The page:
There is no Champagne in the world quite like Salon’s blanc de blancs Le Mesnil cuvée. Made from top-quality Chardonnay grapes grown in just one grand cru village and from a single vintage, the wine is an outstanding expression of time and place. Every bottle of Salon is distinctive and potentially legendary—the house only produces a vintage when the quality is phenomenal.
If you ask a serious Burgundy collector which wine they’d love to have in their cellar right now, chances are they will say Domaine de la Romanée-Conti Romanée-Conti. Not only is DRC’s flagship wine one of the most delicious ever created, but it’s also a unicorn wine for Pinot Noir enthusiasts. These wines—particularly the highest-rated vintages—can be nearly impossible to find for sale. Still, these iconic wines do sometimes come on the market, and, when they do, you’ll want to be prepared.
The best vintages of Pétrus have the power to move people. A commenter on the Wine Berserkers forum claimed that after trying 488 wines from 1990, he found that Château Pétrus was his absolute favorite of that year, even over the first-growth wines he tried. In average years, these wines are still unbelievably decadent, but in great years, they are otherworldly. When it comes to investing in Pétrus wine, it’s almost impossible to make a poor decision. As always, though, there are still some vintages that wine enthusiasts consider to be a cut above the rest. This guide will help you find the most legendary Château Pétrus wines for your collection.
Wine drinkers often get confused when they shop for Left Bank Bordeaux, especially if they don’t have a lot of experience reading wine labels from this region. Even some experienced wine enthusiasts aren’t sure exactly what differentiates Médoc vs. Haut-Médoc wines. Some bottles are labeled “Appellation Médoc Contrôlée” (AOC) or have the word “Médoc” in large letters. Other bottles are labeled just “Haut-Médoc.” This guide will help make sense of the incredible wines made in both the Médoc and the Haut-Médoc AOCs, providing all of the information you need to find the best bottles from each region.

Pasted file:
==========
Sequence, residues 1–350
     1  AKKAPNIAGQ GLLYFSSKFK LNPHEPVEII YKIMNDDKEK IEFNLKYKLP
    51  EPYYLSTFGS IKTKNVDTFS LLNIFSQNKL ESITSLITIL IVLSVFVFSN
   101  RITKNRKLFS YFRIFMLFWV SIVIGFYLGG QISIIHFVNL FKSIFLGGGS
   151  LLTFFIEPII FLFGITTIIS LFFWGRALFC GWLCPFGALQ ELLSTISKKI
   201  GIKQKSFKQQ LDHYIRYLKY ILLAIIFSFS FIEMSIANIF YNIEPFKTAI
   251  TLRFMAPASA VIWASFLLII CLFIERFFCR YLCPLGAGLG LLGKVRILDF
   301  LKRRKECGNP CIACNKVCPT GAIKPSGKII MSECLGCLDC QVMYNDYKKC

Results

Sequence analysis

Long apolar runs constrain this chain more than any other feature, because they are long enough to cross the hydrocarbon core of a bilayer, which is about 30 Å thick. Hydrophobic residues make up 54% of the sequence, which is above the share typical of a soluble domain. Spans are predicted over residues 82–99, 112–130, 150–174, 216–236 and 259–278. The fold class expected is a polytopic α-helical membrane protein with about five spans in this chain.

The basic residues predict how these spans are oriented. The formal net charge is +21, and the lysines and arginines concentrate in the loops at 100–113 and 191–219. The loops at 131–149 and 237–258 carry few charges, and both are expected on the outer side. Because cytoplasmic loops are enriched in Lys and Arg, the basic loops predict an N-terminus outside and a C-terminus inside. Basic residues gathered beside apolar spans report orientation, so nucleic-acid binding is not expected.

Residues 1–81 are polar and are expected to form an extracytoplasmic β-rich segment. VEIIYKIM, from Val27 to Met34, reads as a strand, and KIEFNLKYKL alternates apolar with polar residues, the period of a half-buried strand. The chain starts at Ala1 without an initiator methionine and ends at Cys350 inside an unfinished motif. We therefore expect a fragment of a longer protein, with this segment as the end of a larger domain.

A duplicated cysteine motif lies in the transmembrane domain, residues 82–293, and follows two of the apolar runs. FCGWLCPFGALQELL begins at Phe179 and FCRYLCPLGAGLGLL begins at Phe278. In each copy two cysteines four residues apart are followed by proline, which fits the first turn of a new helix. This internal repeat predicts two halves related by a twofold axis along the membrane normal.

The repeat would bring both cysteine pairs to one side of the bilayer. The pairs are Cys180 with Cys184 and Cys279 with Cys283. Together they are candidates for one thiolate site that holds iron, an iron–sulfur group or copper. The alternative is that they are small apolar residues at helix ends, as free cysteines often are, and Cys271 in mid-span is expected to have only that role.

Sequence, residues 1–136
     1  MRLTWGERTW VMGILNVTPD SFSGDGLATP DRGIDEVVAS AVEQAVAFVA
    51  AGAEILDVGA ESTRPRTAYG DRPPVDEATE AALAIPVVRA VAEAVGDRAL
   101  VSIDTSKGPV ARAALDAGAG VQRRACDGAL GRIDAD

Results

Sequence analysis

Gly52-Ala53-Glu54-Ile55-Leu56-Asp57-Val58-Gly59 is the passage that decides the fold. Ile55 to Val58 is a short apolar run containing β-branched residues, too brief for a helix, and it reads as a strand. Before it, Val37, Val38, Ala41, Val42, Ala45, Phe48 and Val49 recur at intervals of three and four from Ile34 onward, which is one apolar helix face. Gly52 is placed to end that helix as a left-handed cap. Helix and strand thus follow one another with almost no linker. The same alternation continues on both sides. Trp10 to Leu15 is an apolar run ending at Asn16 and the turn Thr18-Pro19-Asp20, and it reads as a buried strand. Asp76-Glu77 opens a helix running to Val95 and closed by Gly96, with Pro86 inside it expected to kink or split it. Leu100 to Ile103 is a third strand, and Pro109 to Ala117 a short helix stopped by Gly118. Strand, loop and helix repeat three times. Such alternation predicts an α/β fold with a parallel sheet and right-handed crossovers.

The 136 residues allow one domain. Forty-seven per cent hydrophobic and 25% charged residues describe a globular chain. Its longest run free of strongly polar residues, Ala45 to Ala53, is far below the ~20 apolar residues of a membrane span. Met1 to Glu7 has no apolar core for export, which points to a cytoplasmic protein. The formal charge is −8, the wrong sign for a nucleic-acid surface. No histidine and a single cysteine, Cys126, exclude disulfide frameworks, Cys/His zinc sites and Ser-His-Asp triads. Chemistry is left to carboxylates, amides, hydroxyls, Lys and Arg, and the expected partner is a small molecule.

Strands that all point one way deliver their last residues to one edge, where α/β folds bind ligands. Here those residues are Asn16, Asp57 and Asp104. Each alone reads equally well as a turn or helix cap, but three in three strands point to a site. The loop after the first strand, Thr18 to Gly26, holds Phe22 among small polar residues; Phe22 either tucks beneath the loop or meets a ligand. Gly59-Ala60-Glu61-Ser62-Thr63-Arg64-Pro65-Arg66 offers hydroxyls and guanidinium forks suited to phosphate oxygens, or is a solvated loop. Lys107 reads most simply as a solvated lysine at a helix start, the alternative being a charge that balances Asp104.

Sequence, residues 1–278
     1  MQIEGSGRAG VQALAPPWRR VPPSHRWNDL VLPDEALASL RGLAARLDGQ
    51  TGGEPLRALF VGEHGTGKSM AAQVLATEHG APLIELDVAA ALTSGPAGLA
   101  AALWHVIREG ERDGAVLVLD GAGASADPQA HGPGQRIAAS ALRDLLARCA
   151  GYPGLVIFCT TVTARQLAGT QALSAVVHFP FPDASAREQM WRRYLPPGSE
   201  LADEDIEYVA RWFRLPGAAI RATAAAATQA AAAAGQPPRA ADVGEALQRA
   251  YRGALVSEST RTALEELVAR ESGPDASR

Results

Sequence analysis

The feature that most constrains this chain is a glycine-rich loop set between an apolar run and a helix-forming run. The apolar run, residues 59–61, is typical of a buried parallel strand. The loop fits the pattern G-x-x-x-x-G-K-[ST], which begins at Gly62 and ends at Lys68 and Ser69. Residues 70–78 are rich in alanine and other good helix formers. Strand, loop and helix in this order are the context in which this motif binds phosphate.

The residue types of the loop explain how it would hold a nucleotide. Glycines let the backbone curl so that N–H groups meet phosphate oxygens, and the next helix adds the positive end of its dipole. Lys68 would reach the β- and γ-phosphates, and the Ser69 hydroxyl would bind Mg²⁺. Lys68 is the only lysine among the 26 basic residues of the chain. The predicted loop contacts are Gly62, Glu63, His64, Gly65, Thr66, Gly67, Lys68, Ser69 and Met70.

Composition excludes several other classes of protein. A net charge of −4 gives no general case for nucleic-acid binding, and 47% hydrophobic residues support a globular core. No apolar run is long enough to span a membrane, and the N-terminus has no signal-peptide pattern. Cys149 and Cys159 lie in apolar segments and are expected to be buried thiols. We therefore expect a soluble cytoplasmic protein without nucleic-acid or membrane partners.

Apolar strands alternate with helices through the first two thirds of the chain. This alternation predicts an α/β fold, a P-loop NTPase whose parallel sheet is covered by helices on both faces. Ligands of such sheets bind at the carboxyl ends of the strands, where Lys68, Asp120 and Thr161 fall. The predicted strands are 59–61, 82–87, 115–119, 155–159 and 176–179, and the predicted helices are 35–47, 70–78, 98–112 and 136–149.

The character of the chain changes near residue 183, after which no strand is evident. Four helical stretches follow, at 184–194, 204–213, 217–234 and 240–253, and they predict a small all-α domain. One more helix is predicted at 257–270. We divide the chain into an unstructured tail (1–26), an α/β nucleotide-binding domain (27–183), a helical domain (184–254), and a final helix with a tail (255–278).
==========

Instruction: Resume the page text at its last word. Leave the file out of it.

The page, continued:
Wines from Hermitage are some of the most delicious and rewarding to age. They can taste a little closed off in their youth, but over time they transform into deeply complex wines packed with peppery, smoky flavors. There is also a lot of flavor variety in wines from this region. For example, a wine enthusiast posting on the Wine Berserkers forum tried two bottles of Hermitage at dinner—a 2004 M. Chapoutier Ermitage Le Pavillon and a 2007 Paul Jaboulet Aîné Hermitage La Chapelle. The 2007 wine was flavorful and juicy, but still a little green–a common quality in relatively young Hermitage. The 2004 wine was more complex, aromatic, and much more mature tasting, despite being only a few years older. Although these two estates are located only about three miles apart, the two wines couldn’t have been more different. Terroir, age, and vintage strongly influence Hermitage wine characteristics.
Alsace is home to some of the highest-quality appellations not just in France, but in the entire world of fine wine. The three main categories of Alsace wine appellations—Alsace AOC, Alsace Grand Cru AOCs, and Crémant d’Alsace AOC—each have notable characteristics that wine enthusiasts love. This guide will take you through each of these categories in detail and single out the characteristics that make these wines so special.